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The natural world. Looking pretty for 3.5b years.

Conservatives and Libertarians Continue to 'Come to Jesus'

Author: Reilly Capps/Sunday, July 7, 2013/Categories: climate change

By Reilly Capps 

As we've written over and over again, a carbon tax -- revenue-neutral! revenue neutral! -- is the single-most important piece of legislation being proposed today. We've noted how whole other countries have tried it as well as just a small valley in Colorado

(Revenue-neutral means that gas taxes will go up, but your income taxes will go down.) 

Of course every NPR-listening HuffPo-reading liberal in the world wants this tax. Those folks want to tax everything, from sugar to tanning booths. Now they literally want to tax air. (Yes, CO2 is just air.) 

But the identity of some supporters of a carbon tax are more surprising. It's those people who may turn the tide. 

We've written about how economists favor a carbon tax, how Reagan's supply-side guru favors a carbon tax, how a former Republican congress member favors a carbon tax

And the hits just keep coming, as conservatives Come to Jesus. At the libertarian Cato institute, folks who never met a tax they liked, they are publishing article after article supporting a carbon tax. Much of their summer issue of a spin-off publication, Regulation, is devoted to it. 

While Regulation usually rails against taxes and government (and regulation), it is fairly consistently in favor of a carbon tax. A hedge fund manager puts the cost of carbon at at least $20 per ton. An MIT economics professor says that we might want to tax carbon as high as $200 per ton. That's a huge number. "It is essential to establish that there is a social cost of carbon," the author, Robert S. Pindyck, writes. Even the guy who warns against carbon taxes climbing too high admits -- and who gets his salary from, essentially, big oil -- says that there should be some tax on carbon. Daniel Sutter wrote, "The case for a tax in the range implied by many economic models ($5 to $25 per ton) is strong." And this guy is the Koch Professor of Economics at Troy University. As in, the most influential oil producers in America Koch brothers. Yeah. I know.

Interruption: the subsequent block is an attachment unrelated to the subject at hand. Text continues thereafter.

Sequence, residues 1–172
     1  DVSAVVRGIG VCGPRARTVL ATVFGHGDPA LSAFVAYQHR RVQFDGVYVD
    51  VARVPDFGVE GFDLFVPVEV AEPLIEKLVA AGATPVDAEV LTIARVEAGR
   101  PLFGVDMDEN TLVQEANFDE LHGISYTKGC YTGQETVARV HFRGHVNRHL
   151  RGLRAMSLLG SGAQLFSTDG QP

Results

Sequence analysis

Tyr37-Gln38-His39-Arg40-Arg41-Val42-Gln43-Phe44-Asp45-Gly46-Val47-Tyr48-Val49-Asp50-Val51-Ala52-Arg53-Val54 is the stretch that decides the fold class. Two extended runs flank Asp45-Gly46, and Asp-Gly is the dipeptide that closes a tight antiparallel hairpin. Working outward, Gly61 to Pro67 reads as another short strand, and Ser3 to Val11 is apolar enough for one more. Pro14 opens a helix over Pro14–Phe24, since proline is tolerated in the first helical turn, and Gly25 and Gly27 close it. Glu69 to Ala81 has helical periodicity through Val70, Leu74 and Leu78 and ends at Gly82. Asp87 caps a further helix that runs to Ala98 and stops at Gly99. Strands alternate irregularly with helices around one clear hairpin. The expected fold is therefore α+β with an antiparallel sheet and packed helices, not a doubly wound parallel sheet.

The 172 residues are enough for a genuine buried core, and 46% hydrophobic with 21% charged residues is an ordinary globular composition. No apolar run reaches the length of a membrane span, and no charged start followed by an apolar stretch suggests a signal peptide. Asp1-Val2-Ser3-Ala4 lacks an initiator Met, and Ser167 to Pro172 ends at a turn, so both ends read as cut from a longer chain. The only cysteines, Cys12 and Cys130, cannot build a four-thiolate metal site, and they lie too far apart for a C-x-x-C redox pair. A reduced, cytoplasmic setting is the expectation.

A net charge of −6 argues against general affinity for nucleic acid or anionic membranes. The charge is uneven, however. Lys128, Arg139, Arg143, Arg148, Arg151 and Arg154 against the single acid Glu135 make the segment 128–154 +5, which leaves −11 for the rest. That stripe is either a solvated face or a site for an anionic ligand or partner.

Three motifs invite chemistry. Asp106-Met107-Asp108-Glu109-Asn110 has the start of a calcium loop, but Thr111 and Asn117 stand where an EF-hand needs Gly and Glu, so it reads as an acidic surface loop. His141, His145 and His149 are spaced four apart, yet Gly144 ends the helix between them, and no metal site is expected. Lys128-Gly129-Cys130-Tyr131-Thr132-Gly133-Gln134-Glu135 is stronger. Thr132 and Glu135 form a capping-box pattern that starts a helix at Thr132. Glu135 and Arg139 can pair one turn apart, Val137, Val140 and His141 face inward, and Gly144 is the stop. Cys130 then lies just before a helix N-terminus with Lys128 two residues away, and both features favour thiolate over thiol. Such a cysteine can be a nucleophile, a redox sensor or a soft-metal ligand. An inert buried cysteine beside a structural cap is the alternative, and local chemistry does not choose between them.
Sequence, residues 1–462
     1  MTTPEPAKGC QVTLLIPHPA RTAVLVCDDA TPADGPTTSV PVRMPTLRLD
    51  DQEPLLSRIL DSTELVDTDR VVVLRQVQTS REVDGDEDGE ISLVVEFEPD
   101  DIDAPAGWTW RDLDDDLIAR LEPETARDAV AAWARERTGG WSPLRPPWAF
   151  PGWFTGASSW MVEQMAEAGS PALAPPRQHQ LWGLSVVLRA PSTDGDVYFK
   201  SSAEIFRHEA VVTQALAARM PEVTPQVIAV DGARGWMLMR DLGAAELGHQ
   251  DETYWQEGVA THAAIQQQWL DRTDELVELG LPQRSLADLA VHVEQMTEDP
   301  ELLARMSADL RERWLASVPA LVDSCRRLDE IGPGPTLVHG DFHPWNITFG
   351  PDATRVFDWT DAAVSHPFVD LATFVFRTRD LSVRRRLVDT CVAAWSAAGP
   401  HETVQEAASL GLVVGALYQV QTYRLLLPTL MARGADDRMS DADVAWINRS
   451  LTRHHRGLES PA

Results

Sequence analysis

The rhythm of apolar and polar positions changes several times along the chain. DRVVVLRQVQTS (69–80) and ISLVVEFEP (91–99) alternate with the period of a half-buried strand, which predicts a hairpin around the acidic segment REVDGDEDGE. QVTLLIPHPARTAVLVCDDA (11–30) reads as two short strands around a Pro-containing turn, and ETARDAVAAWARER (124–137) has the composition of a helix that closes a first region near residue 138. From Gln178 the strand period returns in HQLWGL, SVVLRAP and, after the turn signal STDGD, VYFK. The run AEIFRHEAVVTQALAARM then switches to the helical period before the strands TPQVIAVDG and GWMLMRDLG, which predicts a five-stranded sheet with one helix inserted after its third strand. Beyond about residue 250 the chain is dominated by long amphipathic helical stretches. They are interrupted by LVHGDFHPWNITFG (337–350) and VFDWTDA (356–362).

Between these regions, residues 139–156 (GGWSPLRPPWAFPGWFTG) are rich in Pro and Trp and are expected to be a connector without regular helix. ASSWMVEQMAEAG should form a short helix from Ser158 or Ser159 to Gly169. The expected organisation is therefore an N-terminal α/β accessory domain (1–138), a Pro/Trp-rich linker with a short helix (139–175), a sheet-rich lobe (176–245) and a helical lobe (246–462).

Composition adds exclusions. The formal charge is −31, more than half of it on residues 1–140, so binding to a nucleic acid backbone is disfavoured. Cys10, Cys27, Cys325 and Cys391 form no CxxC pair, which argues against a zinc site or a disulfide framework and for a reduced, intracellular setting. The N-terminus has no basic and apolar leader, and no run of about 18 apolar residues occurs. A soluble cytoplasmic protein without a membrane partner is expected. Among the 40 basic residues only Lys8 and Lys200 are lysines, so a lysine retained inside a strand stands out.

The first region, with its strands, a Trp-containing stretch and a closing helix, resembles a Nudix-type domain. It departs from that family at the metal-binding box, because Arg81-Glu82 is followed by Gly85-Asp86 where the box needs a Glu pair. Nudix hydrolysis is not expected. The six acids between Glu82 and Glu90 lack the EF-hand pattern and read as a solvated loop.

Nobody can believe it. Heads are spinning. I've had fun over the past few hours reading the comments on this article on Reason, the nation's leading libertarian magazine. Steve Chapman makes obvious points about why we need to raise gas taxes and lower income taxes: hot world, we could reduce income taxes, promote growth, help our grandkids, etc. etc. 

It's all incredibly reasonable. And, in the comments below the article, you can practically see libertarians' heads explode. 

They rant about communism, compare global warming to unicorns, bloviate that "scientists are the new high priests," say "lab coats don't make you infallible," say "breathing emits CO2. Does this mean we can finally tax the air?"

There are a lot of eff words. They're very libertarian about their comments policy at Reason. 

Here's my favorite comment of all: "I hope the hippie chick Chapman is trying to impress is a good enough [lay] to be worth the embarrassment of this article."

But these angry commenters, as usual, are not representative. Most conservatives understand that globl warming is happening, and many would accept a carbon tax-- revenue neutral! revenue neutral! 

How could you not, once you understand it? As Hugh noted earlier, NPR's Planet Money team explained a revenue-neutral carbon tax as simply and clearly as could be possible. Here it is again, in case you missed it. It's worth posting and re-posting. 


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